Aphrodite, full of grace long before the birth of Mary, sometimes I fear I’ve lost you in the slim pickings of the sex-goddess incarnations who slightly reflect your radiance so wayward from the ironic lucidity I see in perfect pictures.

Venus Verticordia grieves: our mother Aphrodite, a wide-ranging aphrodisiac, an erotic pharmacopoeia, is stripped down to one simple, insufficiently effective drug. Aphrodisiac: mistaken for merely a substance to ingest.

Aphrodite, you stimulate me in intricately erotic ways. You arouse the pleasure I feel in my own beauty. Erotic: you mothered the meaning of this word, whose profundity is minimized by the synonym sexy – a useful colloquialism, shorthand for aphrodisiac.

Monster, mother, huge in the ability to praise yourself, I can look at you any time I see myself. Aphrodite, save me from the self-contempt elicited by approximating the ideal beauty. She is a fluffcake and a stalker who has betrayed monster/beauty, the pleasurable corporeality that is your domain.

Aphrodite, help me build the body of love.

(Poem by Joanna Frueh. Monster/Beauty: Building the Body of Love. Berkeley and Los Angeles: University of California Press, 2001, pp. 9-10.)

Next, I light the traditional frankincense granules and offer thanks for the past graces I have received, and I pray for future blessings from several different manifestations of Aphrodite, distinguished by her epithets: Aphrodite Epitragidia (buck goat), Cyprian (from Cyprus), Philomeides (laughter-loving) and Eleemon (merciful).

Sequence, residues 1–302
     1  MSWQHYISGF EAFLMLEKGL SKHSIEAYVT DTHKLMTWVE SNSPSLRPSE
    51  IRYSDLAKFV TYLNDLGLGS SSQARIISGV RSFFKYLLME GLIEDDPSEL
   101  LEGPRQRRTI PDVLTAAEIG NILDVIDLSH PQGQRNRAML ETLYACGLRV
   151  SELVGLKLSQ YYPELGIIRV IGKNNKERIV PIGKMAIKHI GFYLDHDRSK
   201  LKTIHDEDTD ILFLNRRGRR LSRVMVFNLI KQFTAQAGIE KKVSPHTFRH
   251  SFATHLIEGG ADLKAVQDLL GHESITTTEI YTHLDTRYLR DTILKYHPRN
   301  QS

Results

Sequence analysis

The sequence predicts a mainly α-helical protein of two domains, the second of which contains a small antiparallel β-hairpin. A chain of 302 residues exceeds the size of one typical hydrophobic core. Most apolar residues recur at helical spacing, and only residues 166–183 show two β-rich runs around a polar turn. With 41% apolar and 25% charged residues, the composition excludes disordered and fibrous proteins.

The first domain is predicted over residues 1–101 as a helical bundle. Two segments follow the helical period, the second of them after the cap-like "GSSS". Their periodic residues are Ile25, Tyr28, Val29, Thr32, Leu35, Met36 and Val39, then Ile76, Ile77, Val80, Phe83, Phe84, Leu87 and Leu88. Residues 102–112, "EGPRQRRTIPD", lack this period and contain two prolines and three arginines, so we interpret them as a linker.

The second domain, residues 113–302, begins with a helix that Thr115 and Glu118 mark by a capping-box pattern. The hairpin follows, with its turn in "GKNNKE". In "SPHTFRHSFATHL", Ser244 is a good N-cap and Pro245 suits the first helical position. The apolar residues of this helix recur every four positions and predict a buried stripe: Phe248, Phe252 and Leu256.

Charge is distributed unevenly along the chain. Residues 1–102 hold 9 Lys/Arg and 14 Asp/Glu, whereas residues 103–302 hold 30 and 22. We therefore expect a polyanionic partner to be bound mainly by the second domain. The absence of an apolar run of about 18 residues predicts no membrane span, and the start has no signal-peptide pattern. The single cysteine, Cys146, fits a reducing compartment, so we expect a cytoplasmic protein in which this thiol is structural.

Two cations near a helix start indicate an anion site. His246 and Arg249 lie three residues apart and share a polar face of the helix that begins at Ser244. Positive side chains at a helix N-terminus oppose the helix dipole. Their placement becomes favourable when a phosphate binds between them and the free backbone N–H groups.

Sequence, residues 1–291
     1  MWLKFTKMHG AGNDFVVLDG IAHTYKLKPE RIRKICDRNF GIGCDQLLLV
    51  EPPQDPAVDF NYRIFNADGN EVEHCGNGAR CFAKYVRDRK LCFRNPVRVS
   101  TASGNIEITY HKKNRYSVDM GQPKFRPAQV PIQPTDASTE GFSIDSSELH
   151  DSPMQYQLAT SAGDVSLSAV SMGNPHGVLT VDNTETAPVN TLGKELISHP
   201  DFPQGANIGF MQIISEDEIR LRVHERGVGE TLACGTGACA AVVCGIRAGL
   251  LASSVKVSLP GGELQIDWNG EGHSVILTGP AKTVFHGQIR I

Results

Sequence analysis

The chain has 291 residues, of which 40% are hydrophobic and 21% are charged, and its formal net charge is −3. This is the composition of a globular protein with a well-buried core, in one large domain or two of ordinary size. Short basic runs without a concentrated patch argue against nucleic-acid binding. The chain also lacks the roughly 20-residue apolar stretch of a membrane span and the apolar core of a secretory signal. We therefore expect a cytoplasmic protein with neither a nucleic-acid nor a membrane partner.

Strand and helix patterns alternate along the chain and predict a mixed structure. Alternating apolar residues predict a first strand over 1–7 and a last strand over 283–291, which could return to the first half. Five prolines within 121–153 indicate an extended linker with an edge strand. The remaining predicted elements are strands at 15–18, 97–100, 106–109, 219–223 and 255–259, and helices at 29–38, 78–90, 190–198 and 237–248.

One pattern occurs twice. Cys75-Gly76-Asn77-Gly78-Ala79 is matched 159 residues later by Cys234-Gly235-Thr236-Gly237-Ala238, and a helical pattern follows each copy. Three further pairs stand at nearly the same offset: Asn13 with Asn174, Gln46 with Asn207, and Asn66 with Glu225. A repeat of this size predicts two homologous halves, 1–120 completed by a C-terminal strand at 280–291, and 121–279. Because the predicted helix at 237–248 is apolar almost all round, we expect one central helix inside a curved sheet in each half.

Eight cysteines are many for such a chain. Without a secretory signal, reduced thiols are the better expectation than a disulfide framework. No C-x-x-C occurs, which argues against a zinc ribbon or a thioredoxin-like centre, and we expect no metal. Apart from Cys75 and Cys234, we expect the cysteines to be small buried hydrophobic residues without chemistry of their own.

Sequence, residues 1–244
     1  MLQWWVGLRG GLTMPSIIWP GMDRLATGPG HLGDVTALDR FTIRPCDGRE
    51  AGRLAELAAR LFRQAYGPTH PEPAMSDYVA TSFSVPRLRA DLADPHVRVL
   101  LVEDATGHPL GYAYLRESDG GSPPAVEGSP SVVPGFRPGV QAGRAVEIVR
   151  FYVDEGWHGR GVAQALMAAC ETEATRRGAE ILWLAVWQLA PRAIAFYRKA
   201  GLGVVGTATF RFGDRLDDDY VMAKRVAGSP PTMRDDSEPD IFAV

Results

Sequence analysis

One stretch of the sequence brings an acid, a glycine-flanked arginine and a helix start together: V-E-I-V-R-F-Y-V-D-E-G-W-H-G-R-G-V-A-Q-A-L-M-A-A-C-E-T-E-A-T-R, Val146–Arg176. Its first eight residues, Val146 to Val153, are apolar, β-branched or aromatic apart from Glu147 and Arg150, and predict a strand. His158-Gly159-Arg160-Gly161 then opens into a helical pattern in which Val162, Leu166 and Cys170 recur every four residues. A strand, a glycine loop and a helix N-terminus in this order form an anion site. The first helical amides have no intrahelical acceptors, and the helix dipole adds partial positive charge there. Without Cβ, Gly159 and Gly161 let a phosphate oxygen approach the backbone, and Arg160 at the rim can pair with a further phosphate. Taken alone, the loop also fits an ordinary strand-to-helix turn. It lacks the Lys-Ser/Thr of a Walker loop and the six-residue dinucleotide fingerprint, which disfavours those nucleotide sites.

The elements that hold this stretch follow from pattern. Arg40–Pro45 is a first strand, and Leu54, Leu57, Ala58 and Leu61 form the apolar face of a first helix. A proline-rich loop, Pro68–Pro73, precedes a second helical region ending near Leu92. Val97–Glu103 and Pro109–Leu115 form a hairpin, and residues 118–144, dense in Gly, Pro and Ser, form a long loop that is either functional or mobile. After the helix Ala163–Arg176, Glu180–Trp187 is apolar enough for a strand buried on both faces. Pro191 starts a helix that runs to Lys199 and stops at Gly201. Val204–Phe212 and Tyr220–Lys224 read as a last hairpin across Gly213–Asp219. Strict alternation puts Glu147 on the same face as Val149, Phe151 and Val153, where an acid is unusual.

After the formalities, I sit and meditate before the altar, listening for any communications from Deity. Sometimes I murmur my troubles and wishes to her at this time. To conclude, I pour a final libation to Hestia, then end the rite and dismantle my altar.

8 comments:

Hubert Hynowski said...

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Sasha Fay said...
This comment has been removed by the author.
Sasha Fay said...

I enjoy your blog! Found this place by searching for Norman Lindsay etchings. :)

Sasha Fay

Caroline Tully said...

Well thank you both. I'm glad _someone_ is actually reading it!

Imperator David Griffin said...

Academic protocol requires that you actually defend your arguments. Instead you are personally attacking your critics and deleting all criticism of your "academic" article.

This gives a very serious scholarly impression of your work. Will this also be using this approach with your PhD thesis?

Caroline Tully said...

No I'm not. When and where am I deleting it? When am I personally attacking my critics? When and where? I'm actually not paying any attention to it. I haven't even deleted anything you've said. And this deleted comment here, above, I don't even know what it is. I presume the original poster deleted it themselves.

Caroline Tully said...

Actually David, you're the one that personally attacks people. All I said about you was that you had bad spelling. And frankly, I don't think you _know_ what the requirements of academic research and writng are, so you're not really qualified to be telling other people whether they are abiding by them or not.

Gina Hawthorne-Hill said...

I would love to build a ministry of Aphrodite, how do I begin?